A new Reuters/Ipsos poll shows that nearly 60 percent of likely voters across the nation want the Affordable Care Act to remain in place. Buzz60
On Friday, a federal judge fulfilled a wish conservatives have held for more than eight years by ruling the Affordable Care Act, also known as Obamacare, unconstitutional.
U.S. District Court Judge Reed O’Connor agreed with a group of 20 states with Republican governors or legislatures that argued the constitutionality of the law’s individual mandate dissolved when Congress removed the tax penalty for the uninsured.
In 2012, the Supreme Court upheld the law and its mandate requiring people purchase insurance on the grounds that it fell within Congress’ taxation power. O’Connor said when the tax penalty was removed so was the central argument upholding the 2010 law’s constitutionality. His ruling declared not only the individual mandate but the entire law unconstitutional.
That decision leaves Republican and Democratic lawmakers, as well as millions of Americans, wondering, “So, what happens now?”
For the immediate future, the answer is nothing. The ACA will remain in place while the law’s future is handled in the courts, a process could take months or years to resolve. People who bought coverage on the health care exchanges before Saturday’s deadline will be insured for 2019.
The legal battle
The Justice Department under President Donald Trump announced in June that it would not defend ACA’s individual mandate and other provisions, such as protections for people with pre-existing conditions, but asked that the law not be struck down in its entirety.
So, the Justice Department seems unlikely to appeal O’Connor’s ruling. But after the Trump administration dropped its defense of the ACA, a number of Democratic states, led by California, took it up. Those states intend to appeal Friday’s decision.
“The ACA has already survived more than 70 unsuccessful repeal attempts and withstood scrutiny in the Supreme Court. Today’s misguided ruling will not deter us: our coalition will continue to fight in court for the health and well-being of all Americans,” California Attorney General Xavier Becerra said Friday in response to the ruling.
House Minority Leader Nancy Pelosi, D-Calif., has vowed that Democrats will intervene and direct House counsel to defend the ACA when they take control of the chamber next month.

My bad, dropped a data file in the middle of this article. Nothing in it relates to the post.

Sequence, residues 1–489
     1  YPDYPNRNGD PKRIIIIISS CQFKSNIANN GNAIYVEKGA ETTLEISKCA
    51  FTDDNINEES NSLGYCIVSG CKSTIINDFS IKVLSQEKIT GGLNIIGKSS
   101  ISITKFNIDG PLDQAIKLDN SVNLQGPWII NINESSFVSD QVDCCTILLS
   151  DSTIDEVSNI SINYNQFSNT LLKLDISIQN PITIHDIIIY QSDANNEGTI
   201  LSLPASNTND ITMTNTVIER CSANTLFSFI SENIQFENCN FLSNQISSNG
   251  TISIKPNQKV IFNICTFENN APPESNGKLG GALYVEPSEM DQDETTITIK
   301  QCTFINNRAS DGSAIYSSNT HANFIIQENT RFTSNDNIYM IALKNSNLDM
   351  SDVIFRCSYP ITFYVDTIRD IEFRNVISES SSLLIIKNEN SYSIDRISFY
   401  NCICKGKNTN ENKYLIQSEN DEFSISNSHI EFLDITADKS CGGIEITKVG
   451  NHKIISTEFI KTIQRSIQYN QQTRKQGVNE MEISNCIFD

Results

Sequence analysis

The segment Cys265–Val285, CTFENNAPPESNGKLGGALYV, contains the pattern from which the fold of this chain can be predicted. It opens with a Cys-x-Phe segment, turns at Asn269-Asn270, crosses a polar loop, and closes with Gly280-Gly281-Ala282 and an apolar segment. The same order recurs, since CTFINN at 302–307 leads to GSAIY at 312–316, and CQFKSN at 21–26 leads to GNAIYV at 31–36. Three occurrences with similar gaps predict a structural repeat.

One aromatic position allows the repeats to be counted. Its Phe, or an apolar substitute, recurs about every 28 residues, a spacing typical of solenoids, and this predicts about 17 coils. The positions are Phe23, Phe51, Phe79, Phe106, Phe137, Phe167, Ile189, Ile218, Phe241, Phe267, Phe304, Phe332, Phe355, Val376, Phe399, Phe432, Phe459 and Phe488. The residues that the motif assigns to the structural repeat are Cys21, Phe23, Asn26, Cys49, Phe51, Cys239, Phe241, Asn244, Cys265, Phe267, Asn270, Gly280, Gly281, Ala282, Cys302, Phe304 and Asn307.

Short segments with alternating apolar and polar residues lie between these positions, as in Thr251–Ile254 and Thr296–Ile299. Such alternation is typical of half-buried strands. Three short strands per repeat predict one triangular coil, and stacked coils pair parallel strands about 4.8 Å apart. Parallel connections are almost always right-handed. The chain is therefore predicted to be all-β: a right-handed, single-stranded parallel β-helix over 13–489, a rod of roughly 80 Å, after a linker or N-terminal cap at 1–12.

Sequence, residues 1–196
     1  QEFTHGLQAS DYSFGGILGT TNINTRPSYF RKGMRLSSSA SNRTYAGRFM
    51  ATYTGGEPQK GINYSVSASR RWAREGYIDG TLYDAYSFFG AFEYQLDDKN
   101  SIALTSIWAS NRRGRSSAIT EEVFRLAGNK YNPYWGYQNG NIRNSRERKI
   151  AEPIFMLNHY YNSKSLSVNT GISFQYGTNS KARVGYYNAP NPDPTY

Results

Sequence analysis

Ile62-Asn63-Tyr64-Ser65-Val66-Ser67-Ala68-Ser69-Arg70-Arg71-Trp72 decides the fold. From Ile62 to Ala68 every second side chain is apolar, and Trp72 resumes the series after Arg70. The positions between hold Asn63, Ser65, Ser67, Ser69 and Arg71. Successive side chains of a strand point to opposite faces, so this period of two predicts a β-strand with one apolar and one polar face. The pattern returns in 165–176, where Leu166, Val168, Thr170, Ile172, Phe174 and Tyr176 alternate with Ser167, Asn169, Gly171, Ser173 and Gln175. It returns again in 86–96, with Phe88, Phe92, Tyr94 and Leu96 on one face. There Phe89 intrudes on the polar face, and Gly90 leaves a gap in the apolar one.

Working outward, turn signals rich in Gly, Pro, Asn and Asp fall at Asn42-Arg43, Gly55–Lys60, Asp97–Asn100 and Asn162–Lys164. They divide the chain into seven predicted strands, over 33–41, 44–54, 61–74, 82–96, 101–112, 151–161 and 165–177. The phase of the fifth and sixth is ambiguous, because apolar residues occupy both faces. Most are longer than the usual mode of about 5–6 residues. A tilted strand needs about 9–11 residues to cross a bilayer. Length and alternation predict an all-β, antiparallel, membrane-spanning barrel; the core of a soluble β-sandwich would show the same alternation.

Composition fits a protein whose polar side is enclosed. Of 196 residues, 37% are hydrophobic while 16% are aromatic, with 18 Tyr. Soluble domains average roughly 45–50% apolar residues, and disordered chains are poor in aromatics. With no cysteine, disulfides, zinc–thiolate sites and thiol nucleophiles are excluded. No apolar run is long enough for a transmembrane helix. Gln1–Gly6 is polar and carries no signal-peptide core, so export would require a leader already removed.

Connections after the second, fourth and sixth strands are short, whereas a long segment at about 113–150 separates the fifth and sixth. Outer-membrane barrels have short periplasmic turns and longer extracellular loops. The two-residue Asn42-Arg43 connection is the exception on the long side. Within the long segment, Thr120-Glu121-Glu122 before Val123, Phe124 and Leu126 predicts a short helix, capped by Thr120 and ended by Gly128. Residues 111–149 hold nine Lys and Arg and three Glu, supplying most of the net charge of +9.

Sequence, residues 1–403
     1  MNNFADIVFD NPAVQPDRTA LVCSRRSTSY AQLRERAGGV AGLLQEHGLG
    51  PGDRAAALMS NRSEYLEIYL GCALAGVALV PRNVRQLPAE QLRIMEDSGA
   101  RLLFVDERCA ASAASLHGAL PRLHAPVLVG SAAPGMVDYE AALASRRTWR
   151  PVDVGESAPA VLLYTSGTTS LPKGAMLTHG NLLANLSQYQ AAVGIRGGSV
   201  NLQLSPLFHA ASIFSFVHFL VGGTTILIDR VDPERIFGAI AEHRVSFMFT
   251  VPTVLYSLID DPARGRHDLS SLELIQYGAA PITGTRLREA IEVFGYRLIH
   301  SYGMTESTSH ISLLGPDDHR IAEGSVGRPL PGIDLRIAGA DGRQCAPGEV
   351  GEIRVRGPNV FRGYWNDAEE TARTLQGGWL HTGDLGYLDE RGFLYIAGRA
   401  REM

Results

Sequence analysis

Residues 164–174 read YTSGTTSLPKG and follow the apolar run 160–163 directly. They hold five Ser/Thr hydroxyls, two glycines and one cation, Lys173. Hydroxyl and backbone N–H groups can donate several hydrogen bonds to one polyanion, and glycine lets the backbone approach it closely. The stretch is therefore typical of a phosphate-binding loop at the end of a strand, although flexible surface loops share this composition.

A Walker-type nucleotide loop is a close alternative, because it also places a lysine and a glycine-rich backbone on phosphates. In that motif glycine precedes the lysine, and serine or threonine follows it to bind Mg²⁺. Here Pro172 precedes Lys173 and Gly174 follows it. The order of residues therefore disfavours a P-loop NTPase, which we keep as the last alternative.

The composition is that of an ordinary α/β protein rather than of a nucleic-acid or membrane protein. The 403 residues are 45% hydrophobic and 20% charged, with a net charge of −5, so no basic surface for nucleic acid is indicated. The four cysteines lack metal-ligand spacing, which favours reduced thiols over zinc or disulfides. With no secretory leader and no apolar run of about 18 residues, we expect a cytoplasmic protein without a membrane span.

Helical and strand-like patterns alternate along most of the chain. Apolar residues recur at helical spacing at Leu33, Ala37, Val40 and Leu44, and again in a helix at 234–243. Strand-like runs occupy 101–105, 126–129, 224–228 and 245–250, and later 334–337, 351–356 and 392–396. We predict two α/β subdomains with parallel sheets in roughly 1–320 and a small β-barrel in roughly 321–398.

The case would go the U.S. Court of Appeals for the 5th Circuit, which is dominated 11-5 by judges who were nominated by Republican presidents. Yale Law professor Abbe Gluck said the 5th Circuit will almost certainly grant a stay, keeping O’Connor’s ruling on hold pending their decision.
A three-judge panel for the 5th Circuit will then accept briefs and hear oral arguments in the case before giving their decision. From there, it’s possible the entire panel of 5th Circuit judges will ask to review the case.
“You’d be lucky if you had an opinion out of them before June,” Gluck said.
Whatever the 5th Circuit’s decision, one side or the other is almost certain to appeal. But Gluck said she believes the “current Supreme Court will not accept the case” if O’Connor’s decision is overturned because “the case is extremely weak on the law and I don’t think anyone on the court has the appetite for another politicized Obamacare showdown.”
If O’Connor’s ruling is upheld, on the other hand, the Supreme Court “will have to take the case.” Barring a rare special session to hear the case, Gluck said it is most likely the Court will hear arguments in the case in early October.
Gluck, who called the ruling “shocking” in a New York Times op-ed co-authored with Case Western Reserve University School of Law professor Johnathan Adler, expects the case will be overturned and never even make it the Supreme Court.
“This case turned on a very simple and established legal principle, which conservative and liberal judges alike…
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